From "The Possibilities of Perversion" in "Masochism, a Jungian View"
Lyn Cowan, Spring Publications, 1997
Much of Catholic Christianity's liturgy, sacramental ritual and theology is built on an awareness of, if not appreciation for, psychological (or religious) "masochism." In the central image of crucifixion we are confronted with the paradox of the pathology in redemption, and the redemption through pathos. The imitatio Christi is a call not to punishment but to suffering. The root meaning of the word "suffer" is "to bear" or "to carry", as a burden.
... we can ... discern the outlines of some fundamental Christian concepts (suffering, repentance, atonement, sacrifice) behind masochistic phenomena. Of course masochism becomes pathological when it is a surface phenomenon, a superficiality, with no backdrop, no reference to a deeper ground .... Without its sense of worship and submission, without acknowledgment of the god moving in it, masochism loses its connection to, and meaning for, the soul. Unconscious of deeper motive and soul needs, we see only sin in unreflective sadomasochistic sex. Religious suffering looks like perversion; repentance like excessive, fruitless guilt, atonement like one-sided moralism, crucifixion like martyrdom, and sacrifice like self-mutilation.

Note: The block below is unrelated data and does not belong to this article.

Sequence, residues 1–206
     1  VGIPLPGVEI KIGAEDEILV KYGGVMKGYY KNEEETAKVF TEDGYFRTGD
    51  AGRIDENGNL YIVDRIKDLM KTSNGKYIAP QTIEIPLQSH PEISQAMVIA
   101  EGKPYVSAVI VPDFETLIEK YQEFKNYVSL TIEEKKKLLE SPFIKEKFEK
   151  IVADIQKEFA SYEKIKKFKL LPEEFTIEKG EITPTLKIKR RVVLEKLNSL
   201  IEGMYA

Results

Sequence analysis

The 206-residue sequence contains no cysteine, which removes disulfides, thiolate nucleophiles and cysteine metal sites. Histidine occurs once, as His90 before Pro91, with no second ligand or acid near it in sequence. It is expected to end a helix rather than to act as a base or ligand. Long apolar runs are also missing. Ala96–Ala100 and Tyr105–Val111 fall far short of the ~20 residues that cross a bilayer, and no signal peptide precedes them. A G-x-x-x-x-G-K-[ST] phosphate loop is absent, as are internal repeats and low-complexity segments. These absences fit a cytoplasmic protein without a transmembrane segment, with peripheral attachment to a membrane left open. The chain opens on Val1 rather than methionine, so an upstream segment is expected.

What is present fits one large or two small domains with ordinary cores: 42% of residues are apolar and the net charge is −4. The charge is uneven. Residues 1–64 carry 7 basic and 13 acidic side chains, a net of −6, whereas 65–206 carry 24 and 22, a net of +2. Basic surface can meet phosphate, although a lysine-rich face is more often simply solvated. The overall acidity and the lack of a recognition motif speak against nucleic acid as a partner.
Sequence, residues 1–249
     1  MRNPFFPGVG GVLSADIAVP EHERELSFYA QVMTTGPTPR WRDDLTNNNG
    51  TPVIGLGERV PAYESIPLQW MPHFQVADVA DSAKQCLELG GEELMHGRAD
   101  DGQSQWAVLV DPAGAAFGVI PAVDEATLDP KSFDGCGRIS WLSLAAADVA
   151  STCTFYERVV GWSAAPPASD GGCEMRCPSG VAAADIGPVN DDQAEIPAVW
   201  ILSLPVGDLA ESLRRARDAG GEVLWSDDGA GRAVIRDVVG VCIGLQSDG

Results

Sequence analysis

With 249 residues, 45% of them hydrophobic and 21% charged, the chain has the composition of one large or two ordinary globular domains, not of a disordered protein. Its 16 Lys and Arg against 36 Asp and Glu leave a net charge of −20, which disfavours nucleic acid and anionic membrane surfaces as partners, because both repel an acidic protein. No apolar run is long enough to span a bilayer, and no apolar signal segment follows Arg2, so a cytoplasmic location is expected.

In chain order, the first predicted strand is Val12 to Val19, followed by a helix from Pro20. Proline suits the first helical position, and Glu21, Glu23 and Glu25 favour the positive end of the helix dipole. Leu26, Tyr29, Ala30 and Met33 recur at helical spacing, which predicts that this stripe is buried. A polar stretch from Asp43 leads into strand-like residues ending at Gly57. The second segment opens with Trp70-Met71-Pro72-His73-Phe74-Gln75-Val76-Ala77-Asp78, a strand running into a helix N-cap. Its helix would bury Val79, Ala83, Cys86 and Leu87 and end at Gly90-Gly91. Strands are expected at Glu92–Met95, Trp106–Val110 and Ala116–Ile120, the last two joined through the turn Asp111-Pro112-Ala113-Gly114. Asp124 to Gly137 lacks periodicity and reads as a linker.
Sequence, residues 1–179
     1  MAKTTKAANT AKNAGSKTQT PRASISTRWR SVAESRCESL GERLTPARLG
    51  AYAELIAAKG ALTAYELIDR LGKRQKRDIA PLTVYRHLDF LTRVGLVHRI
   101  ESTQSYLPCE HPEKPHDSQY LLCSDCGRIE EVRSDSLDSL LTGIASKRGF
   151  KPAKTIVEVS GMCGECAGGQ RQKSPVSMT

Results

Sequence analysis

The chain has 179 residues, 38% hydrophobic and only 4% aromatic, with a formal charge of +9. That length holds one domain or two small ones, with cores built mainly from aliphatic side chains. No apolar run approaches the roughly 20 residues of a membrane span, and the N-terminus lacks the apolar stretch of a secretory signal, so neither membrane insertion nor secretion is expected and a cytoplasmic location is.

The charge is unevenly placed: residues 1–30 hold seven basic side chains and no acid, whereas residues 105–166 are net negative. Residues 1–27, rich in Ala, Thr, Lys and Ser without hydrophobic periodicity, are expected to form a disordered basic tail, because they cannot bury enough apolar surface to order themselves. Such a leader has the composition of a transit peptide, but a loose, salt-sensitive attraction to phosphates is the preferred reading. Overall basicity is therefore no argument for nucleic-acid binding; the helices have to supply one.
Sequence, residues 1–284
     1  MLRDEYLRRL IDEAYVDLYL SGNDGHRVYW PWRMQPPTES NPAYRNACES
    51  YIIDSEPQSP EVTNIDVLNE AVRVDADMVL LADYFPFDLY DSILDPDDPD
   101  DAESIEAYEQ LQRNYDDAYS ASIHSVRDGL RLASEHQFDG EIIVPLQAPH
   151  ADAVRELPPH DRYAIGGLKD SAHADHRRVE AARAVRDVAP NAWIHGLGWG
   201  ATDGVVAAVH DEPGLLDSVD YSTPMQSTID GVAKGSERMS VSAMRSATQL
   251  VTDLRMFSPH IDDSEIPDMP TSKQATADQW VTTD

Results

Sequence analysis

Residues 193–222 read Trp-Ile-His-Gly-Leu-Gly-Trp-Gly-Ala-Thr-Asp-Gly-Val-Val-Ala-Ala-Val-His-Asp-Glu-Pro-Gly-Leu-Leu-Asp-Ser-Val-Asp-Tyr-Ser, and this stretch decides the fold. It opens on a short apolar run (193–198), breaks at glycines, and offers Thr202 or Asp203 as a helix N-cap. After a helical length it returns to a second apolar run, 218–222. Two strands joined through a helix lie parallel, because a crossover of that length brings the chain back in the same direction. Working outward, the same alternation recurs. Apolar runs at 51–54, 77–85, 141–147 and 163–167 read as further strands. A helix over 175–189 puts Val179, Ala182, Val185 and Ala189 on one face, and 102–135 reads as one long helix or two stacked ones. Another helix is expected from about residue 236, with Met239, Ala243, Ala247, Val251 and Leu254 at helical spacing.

Suffering, repentance, atonement, and sacrifice, whether or not they are cast in a specifically Christian framework, are fundamental psychological experiences. They may be humiliating to the ego, but they are of profound import and meaning - and sometimes intense pleasure - to the soul. These experiences may bring humility and healing. Masochism requires that we stay with the down-and-under side of Christianity.